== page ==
4. torischroeder9

    Gingerbread, White Cedar, and Gunpowder

    In the decant: Gunpowder hits my nose first. As I continue to sniff, I realize it's a cedar core with a gunpowder accent -- but the gunpowder hits a part of my nose/olfactory processing that noplace else gets. On my skin: Wet, it's all gunpowder, like cannons on my arm. This Cannon SN continues well into the drydown. After about half an hour, the cedar once again makes itself known. But now it's gunpowder-gilded cedar... Pirate Ship SN? (I know pirate ships weren't made out of cedar, but it's a fun thought.) Still not getting anything I can call gingerbread. Aaaand... after another half an hour, gunpowder cedar is where it seems to stay. I think this is a case where some aging might be in order.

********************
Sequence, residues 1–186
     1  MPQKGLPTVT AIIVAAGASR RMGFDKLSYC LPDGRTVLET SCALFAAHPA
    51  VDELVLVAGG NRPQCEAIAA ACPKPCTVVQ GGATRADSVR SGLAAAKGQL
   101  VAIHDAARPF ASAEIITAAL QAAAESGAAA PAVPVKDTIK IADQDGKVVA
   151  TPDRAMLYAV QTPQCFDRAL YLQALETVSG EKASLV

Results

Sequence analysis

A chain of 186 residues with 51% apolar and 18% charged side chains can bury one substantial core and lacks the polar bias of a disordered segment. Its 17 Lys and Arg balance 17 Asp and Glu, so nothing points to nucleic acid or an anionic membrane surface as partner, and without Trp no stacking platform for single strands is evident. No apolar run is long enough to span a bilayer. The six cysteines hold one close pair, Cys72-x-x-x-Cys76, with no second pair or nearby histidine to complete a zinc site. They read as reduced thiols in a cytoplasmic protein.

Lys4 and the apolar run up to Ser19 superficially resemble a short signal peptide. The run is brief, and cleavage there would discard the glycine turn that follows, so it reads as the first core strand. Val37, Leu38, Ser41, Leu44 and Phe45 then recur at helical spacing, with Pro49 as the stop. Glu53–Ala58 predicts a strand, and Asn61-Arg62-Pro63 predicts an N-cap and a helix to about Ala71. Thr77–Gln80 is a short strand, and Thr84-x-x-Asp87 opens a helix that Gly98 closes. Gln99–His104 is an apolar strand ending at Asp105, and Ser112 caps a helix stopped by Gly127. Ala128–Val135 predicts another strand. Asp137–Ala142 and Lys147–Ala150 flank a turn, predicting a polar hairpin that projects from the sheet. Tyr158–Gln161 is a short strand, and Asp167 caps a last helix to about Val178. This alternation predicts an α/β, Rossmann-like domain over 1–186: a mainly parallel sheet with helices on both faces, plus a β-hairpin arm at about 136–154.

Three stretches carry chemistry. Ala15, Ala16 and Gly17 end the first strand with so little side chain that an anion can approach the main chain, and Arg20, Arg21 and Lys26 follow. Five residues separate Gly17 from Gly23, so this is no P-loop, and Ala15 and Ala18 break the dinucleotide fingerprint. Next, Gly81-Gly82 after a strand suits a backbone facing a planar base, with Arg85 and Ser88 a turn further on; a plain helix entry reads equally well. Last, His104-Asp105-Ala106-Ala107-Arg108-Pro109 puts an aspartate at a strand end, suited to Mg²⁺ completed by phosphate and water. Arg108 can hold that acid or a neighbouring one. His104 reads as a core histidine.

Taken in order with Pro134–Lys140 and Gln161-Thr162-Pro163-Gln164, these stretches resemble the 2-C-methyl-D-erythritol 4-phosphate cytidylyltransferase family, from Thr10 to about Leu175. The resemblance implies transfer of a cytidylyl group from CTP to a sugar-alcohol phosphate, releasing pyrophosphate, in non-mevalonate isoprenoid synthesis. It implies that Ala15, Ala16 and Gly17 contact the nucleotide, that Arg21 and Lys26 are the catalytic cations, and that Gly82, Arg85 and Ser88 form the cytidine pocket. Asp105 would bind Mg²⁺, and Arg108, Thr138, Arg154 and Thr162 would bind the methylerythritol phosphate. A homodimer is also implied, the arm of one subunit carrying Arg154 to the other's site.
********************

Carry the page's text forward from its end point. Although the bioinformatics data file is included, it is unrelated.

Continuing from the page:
5. torischroeder9

    A Measurement of the Soul

    (2018 version) In the decant: Cedar, something like a light pine scent, and a bit of sage. On my skin: Wet, it's the light pine, cedar, and sage. As it dries, the warmth and roundness of the fig note starts to come out. Given some time to dry and settle down, the fig warms and comes out as the dominant note on my skin. It's the same sensuous fig as in Carnal. Only this time, instead of being the grounding note, the fig is the top note. At this point, the cedar and sage aren't detectable on me except to know that something earthy is grounding the fig. About half an hour later, the fig remains the only detectable note. At this point, I could be wearing Carnal (since the mandarin there disappears on me) and never know the difference. I like fig well enough as a scent (in fact, I like fig very well as a scent, and I'd wear it more often if it wasn't such a low-throw note on me), but I don't know that this is distinct enough on me to warrant a separate purchase.
  6. torischroeder9